In a similar circle assay, a population of rat marrow stromal osteoblasts on peptide-modified hydrogels expanded at a rate of 1.7–2.7×10^{−7} cm s^{−1} (Shin *et al*. 2004), which is of the same order, although lower, than the front velocity of 4.2–5.1×10^{−7} cm s^{−1} (table 1, row 4) found in the present study. Using Fisher's equation, a value of 4.17×10^{−9} cm^{2} s^{−1} has been estimated for the random motility coefficient *D* of human peritoneal mesothelial cells on plastic substrate, based on the measured front velocity and proliferation rate from the literature (Maini *et al*. 2004*a*). This corresponds closely to the value of 4.9±0.7×10^{−9} cm^{2} s^{−1} found using the standard Fisher equation for the MG63s in the present study. Slightly lower values for *D* ranging between 1.22 and 2.23×10^{−9} cm^{2} s^{−1} have been determined for rat osteoblasts on RGDS and RDGS-modified glass, respectively (Dee *et al*. 1999). With a value for *D* of 8.5±2.5×10^{−9} cm^{2} s^{−1}, the HBMSCs in the present study displayed a higher mobility compared with both these studies and the MG63s. However, in the literature, up to one order of magnitude higher motility coefficients have been determined in the range of 1.1–6.6×10^{−8} cm^{2} s^{−1} for various cell types and species (Farrell *et al*. 1990; Sheardown & Cheng 1996; Maini *et al*. 2004*a*). Typical parameters for the sharp front model are not known.

Surprisingly, from cell culture experience, the cell proliferation rates determined in the circle assay for the MG63 cell line and HBMSCs were highly similar, with values for *R* of 9.2±0.6×10^{−6} and 7.9±1.4×10^{−6} s^{−1}, respectively. This is higher than the growth rate of 1.18×10^{−6} s^{−1} that was found for human mesenchymal stem cells derived from bone marrow, although these cells were expanded in a three-dimensional matrix, which in general can be associated with lower proliferation rates (Zhao *et al*. 2005). However, the proliferation rates are also higher than the *R* of 1.9×10^{−6} s^{−1} determined for human peritoneal mesothelial cells on plastic (Niedbala *et al*. 1986). Nevertheless, the high growth rate for the HBMSCs corresponds to a doubling time of 24 h, which is not uncommon for cells in general. It is also important to note that, while representing general cell behaviour, the quantitative results for the HBMSCs were derived for a single patient and thus do not yet provide information on the possible variation for different patients.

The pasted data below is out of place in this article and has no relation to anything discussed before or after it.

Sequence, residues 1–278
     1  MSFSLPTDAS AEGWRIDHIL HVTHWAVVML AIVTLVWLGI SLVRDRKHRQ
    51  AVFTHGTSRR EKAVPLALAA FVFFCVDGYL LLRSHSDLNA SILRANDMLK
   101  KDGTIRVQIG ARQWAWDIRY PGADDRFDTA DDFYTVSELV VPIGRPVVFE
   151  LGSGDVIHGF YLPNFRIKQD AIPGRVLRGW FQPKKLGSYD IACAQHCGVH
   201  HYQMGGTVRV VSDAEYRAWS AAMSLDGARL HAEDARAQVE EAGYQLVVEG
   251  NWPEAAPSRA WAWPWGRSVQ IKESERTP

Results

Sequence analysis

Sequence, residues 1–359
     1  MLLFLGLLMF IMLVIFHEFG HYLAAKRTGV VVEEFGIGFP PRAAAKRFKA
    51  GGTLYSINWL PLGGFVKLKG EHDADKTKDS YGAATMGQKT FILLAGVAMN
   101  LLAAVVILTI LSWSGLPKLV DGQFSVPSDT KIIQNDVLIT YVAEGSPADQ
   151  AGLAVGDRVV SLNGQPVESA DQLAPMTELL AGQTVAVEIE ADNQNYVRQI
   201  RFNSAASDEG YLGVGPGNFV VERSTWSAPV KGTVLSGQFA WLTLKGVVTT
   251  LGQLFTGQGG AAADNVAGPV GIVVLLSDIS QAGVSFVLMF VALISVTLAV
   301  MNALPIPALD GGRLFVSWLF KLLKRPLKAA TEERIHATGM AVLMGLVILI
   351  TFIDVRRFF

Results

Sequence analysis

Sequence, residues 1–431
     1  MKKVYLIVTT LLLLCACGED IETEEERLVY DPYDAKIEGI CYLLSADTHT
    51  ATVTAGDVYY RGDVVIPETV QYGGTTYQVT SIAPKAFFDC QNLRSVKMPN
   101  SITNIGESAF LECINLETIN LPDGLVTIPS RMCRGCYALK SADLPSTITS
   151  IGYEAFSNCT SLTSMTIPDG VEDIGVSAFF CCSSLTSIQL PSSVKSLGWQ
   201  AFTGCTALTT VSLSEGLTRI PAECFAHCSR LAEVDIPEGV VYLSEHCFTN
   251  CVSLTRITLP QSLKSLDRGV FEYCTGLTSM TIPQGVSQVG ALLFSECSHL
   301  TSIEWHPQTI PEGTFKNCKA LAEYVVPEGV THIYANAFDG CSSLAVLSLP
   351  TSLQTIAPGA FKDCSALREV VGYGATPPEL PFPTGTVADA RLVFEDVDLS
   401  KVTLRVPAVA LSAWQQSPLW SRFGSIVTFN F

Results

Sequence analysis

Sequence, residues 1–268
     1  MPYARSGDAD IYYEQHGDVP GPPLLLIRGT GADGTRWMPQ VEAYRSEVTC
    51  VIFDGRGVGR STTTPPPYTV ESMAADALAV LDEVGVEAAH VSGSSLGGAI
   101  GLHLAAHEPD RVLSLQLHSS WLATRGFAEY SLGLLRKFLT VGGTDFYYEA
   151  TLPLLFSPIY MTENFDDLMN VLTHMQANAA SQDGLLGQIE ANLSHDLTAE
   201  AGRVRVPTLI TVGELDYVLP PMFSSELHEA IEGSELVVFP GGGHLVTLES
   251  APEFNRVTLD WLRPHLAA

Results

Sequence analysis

### 4.2 Parameter estimation

By combining computational modelling with cell density measurements, the present circle assay can be started at a low seeding density, in contrast to previous studies that started at monolayer density (Dixit *et al*. 2001; Dolle *et al*. 2005). The advantage of using a low initial density, as well as having a detailed picture of the shape of the cell migration front, is that the experiment contains more information. This means that, in contrast to most previous studies, both parameters *D* and *R* can be estimated from a single assay.

However, since the migration front propagation depends on a combination of *D* and *R*, the uniqueness of the estimated parameters needs to be considered. If the theoretical front velocity *v* for Fisher's equation is calculated from *D* and *R*, it can be seen from table 1 (columns 3 and 5) that the relative variation in *v* is smaller than that in *D* and *R*. (It is important to note at this point that the front velocity for the axisymmetric Fisher equation only approaches a constant value for large radial distance; Murray 2002, p. 444.). Furthermore, the variation in *D* and *R* for the HBMSCs (column 5) is much larger than that for the MG63s (column 3). This is mainly due to the relatively small increase in cell density for HBMSCs, while the MG63s show a considerable increase in cell density in the centre (figure 3), which contains much more information for a unique determination of the cell growth rate *R* than the shape of the migration front alone.

Independent measurement of the proliferation rate *R* using the WST-1 assay yielded values in the same order as in the circle assay, although 20–30% lower, table 1 (last row). Similar results were obtained for MG63s and HBMSCs. Taking the proliferation rate *R* from the WST-1 assay and fitting only the motility coefficient *D* in the circle assay for the MG63s resulted in a poorer fit quality, with too low a rate of cell density increase in the centre and an even smoother migration front as a lower *R* implies a higher *D*.

### 4.3 Image analysis

The image analysis and cell identification method performed very well for the MG63 cells. Phase contrast microscopy provided images with high contrast in which the cells can be clearly distinguished as dark dots surrounded by a lighter area, even in monolayer. Inspection revealed that practically all visible cells were identified. However, while the more peripheral areas can be easily checked for accuracy, cells in the centre become extremely densely packed, so that although the separate dark spots can still be clearly identified, it is hard to judge visually whether cells start to grow partially over each other.